Tchaikovsky Chamber Orchestral Works
James Judd's Tchaikovsky coupling is one of those records where the performances are simple and unidiosyncratic, yet everything seems to go right. The Serenade has a strong, spacious introduction and the Allegro sets off at a true moderato, with the dancing second subject played very neatly, its accents lightly pointed. The easy tempo seems just right when the playing is so naturally spontaneous. The ''Waltz'' has a comparable elegant directness although not a great deal of allure, but there is a blossoming of romantic warmth in the Larghetto elegiaco, which is played with considerable feeling. The finale is beautifully prepared and has vitality and bustle without being rushed.
The Mozartiana Suite (based on works by Mozart) is no less felicitous. Tchaikovsky's transcriptions of the four pieces that make up the work do not greatly alter the piano originals, except to add characteristic orchestral colour. However, it is surprising how romantic this makes the music sound, and the final set of Mozartian variations—a form in which the Russian composer himself so excelled—is made remarkably personal by the choice of instrumentation.
Judd conducts the work very stylishly. The opening ''Gigue'' is graceful and light-textured, the ''Menuet'' elegant and the ''Preghiera'' romantic without being sugary, the strings in the two last mentioned pieces producing radiant textures. The ''Theme et Variations'' is most infectious, the detail of Tchaikovsky's scoring winningly presented. Tempos throughout are quite admirable and the sound is excellent, bright and fresh, and with a pleasing ambience. As an encore we are offered the famous Andante cantabile, again beautifully played, and not over-ripe in feeling. The effect is refreshing.
Entremont's readings have a higher profile than Judd's and in the first movement of the Serenade there is rather more thrust (he saves 20 seconds overall). The secondary theme is vivaciously volatile with accents crisply pointed, the running passages bringing individual touches of detail.
The ''Waltz'' is treated more romantically, with the repeated tenuto more obviously sustained, though not indulged. The ''Elegie'' has plenty of ardour and the finale, again well prepared, has its energy emphasized with biting rhythmic feeling; here Judd is fractionally faster, but Entremont is bracingly invigorating, though some may like a lighter touch here.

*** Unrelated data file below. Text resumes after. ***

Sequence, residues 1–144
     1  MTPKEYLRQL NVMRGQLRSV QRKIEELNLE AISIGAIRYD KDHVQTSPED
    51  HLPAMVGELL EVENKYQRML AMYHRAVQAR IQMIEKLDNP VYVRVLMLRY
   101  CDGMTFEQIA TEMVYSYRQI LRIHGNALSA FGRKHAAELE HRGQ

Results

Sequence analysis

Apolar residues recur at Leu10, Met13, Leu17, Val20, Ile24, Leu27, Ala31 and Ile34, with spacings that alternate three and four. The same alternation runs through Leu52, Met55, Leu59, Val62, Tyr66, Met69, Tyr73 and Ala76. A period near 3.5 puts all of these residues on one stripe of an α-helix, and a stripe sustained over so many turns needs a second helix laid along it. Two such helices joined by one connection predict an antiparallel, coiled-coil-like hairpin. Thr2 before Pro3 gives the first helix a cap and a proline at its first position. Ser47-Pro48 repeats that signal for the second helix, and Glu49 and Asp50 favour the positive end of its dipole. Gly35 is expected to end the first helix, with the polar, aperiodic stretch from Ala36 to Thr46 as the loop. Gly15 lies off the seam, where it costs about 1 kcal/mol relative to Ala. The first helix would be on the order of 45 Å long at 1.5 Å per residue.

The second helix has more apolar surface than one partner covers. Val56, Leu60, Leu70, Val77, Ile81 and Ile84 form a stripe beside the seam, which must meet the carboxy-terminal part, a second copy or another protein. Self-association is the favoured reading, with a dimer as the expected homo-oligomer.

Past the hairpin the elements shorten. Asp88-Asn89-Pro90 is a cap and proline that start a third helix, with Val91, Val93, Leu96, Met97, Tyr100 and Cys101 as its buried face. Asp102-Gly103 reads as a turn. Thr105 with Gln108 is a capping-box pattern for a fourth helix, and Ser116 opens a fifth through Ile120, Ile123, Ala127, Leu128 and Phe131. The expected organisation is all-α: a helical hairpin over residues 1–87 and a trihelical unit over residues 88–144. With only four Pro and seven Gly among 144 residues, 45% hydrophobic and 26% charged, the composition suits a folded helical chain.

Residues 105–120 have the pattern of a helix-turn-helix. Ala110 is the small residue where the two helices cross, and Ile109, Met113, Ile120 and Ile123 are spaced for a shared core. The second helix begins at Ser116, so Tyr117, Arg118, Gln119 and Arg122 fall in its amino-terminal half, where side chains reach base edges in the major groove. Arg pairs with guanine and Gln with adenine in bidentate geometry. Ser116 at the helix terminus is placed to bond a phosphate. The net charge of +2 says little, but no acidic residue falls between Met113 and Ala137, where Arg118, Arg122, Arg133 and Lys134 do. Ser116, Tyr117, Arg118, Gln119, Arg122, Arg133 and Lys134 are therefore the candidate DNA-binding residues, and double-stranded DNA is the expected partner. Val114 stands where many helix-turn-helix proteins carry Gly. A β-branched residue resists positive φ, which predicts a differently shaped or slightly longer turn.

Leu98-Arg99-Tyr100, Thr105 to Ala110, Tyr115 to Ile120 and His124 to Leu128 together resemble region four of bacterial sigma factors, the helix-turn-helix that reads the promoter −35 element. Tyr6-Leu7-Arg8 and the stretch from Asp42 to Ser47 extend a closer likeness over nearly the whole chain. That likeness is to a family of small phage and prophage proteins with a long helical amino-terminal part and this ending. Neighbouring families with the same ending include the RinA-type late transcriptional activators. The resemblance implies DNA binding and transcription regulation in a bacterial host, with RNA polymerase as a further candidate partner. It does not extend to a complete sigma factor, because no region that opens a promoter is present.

The Naxos coupling is a major addition to the catalogue, for it includes a fine, passionate account of the Souvenir de Florence. Originally conceived for string sextet, Tchaikovsky found he had some problems with the internal balance. Played by a chamber orchestra it sounds superb. Edward Seckerson had considerable doubts about the only other current CD version of this work, by I Musici di Montreal under Yuli Turovsky: ''The chilly acoustic of L'Eglise de Ste Madeleine, Montreal, doesn't exactly help matters, but even so I have heard sunnier and more exuberant accounts''. There is no lack of exuberance in the way Entremont handles the dashing principal theme which opens the first movement, and he captures equally well the bitter-sweet wistfulness of the main secondary idea (a charmingly memorable inspiration). The finale, too, has a swinging tune which remains obstinately in the memory, and the Vienna Chamber Orchestra play it with infectious gusto. The Adagio opens darkly, then brings a lovely cantilena floated over pizzicato accompaniment, and this is played with graceful delicacy. Later, the VCO shows its sonority in the chordal statement that comes before the engaging, rustling scherzando leading to the violin-and-cello duet, where the orchestra's principals have a chance to shine. The Allegretto brings Russian folk ideas of Tchaikovsky's best vintage (the tunes really do come tumbling out in profusion in this marvellous 34-minute work) and Entremont and his players combine ardour with crisp, sonorous ensemble at the climax.
The playing is really very good throughout this performance and the orchestra brings every bar to life. The digital recording gives plenty of body and presence to the string group, with a fairly bright but not excessively lit treble. At its modest cost, this inexpensive disc is worth getting for the Souvenir de Florence alone.'